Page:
An update on blockchain from 2017 STEP ASIA in Singapore: During this panel, attendees were reminded that bitcoin was created in 2008 as a peer-to-peer electronic cash system, not a tool for speculation. However, there is still great potential in blockchain technology.

Blockchain now is similar to where the internet was in 1994 – most people did not have an email address in 1994, and we are now very early in blockchain adoption. However, the proof of concept stage was passed long ago.

Certain governments are financing the development of this field, eyeing it as a long-term alternative to using the U.S. dollar, and its usefulness is increasing.

Legal issues related to possession vs. action in regards to property laws need to be sorted, and the question needs to be asked: what is “custody” of an asset in a digital context?

Fundamental activities of banking institutions, including the payment of dividends, coupon payments, and corporate actions can all be recorded on a peer-to-peer system allowing huge savings at the expense of banks.

Tuesday Afternoon Presentations

Cyber Security with Richard Stagg and Robin Youill

Security has four elements:

  1. People
  2. Procedures
  3. Technology
  4. Physical Security

All four areas must be tested in routine circumstances, and in times of emergency/crisis.

People tend to be over-dependent on technology solutions and overlook the #1 risk: the quality of the people surrounding them. Many security firms use out-sourced labor, allowing the risk of “an inside job” to grow exponentially.

For digital communications, a VPN is essential, hacking into public wi-fi is too easy.

A Fresh UK Tax Update

This is not your mother’s sleepy HMRC any longer. The commission is looking very closely at domicile issues and challenging them like never before. The risk of becoming a “deemed domicile” and falling into the UK tax net is increasing if not correctly structured. Even evidence of prior non-dom approval is being requested. You need to have kept your favorable ruling letter from the ’80s or ’90s, because it’s you’re responsibility to produce it, not the HMRC’s.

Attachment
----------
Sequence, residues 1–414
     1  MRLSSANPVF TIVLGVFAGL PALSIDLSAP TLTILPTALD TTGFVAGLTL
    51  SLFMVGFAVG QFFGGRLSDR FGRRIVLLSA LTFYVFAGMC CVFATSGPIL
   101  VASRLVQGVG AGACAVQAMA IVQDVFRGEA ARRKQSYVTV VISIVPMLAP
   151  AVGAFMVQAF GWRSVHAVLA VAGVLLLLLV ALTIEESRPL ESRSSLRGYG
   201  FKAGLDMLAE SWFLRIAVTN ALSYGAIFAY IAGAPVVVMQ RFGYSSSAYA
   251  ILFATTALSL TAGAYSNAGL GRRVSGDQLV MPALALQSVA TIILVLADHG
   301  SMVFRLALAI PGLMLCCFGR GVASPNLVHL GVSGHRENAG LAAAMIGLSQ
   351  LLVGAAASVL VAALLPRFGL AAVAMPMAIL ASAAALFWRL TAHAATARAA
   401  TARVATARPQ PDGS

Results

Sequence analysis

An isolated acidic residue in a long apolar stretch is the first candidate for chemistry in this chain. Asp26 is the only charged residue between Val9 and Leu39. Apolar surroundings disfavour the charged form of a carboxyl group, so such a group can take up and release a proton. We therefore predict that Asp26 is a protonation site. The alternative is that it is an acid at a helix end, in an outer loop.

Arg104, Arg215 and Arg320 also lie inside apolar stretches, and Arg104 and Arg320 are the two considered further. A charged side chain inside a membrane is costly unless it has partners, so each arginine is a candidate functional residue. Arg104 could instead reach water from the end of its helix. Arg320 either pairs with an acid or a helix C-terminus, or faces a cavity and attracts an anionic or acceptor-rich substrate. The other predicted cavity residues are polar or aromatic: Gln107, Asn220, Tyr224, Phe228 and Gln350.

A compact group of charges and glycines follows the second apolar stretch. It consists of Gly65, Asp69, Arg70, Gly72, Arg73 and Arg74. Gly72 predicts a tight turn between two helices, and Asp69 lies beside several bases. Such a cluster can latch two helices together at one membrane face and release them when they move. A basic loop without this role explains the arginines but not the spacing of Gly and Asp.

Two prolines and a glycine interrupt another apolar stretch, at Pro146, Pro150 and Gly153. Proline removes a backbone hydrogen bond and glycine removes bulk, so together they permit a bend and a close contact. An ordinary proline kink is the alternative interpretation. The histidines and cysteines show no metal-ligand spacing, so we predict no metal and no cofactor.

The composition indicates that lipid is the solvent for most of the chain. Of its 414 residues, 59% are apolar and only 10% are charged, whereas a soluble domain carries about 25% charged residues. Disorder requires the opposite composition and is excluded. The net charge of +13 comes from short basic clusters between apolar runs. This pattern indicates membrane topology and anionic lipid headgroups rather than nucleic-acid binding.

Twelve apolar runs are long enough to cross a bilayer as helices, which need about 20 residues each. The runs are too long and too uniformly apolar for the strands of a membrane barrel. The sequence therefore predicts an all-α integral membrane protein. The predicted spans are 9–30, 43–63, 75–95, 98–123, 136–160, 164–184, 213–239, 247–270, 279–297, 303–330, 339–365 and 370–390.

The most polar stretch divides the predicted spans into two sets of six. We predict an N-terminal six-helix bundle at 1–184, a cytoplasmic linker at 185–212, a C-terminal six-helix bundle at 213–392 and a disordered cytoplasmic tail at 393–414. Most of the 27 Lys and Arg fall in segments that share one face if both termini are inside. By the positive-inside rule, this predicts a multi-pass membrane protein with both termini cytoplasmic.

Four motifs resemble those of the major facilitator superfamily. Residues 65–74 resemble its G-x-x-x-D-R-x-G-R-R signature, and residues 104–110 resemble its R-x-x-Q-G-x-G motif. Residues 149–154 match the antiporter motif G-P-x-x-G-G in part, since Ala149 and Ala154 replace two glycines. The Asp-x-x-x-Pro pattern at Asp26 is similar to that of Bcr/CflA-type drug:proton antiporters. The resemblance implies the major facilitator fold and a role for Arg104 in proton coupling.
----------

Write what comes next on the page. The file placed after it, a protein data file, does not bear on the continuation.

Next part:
The good news is that several trust strategies still work for tax-minimization of non-UK assets. A few ideas include “Will Trusts” which are similar to dynasty trusts, these do not pay the 10-year periodic charges and are a great way to minimize taxes. Several types of trusts can limit gains vs. incomes. Properties have special considerations, and you must be careful that if using loans, the loan itself is not deemed a UK asset. You also need to be sure to do this type of planning before you consider returning to the UK.

Policial Risk Planning

The focus of this session was on the value of using Investment Protection Treaties. These treaties between countries usually provide an arbitration right if an overseas investment is negatively and unfairly impacted by government action, local regulators, tax authorities, or the court system. This is becoming more of a factor in today’s geopolitical environment.

Over 300 of 700 filed cases since 1989 have found relief. The use of a holding company or trust in a favorable country generally changes the character of the investment to benefit from the treaties. China and Germany have the most treaties, and those in the U.S. and EU tend to be more narrow. Financing these arbitration claims is an additional option.

How OffShore and On-Shore Courts Look at Reserved Power Trusts

Much of the early discussion in this session was on the Pugachev case, which could take up a day of presentations on its own. However, reviews of claims of illusory trusts, sham trusts, and fraudulent transactions were also detailed.

It was clear to the presenters that on-shore courts view trusts with too many reserved powers, and with a high degree of skepticism. Alternatively, offshore courts are not very sympathetic to the views of on-shore courts. On-shore courts take a family court approach to trusts, a naturally skeptical and sometimes even hostile view to the trust structures.

It should be noted that the only permissible claim against a trust in Nevada is that of fraudulent conveyance. Sham and alter ego claims are forbidden by statute. This is not the case for many offshore reserved power trusts.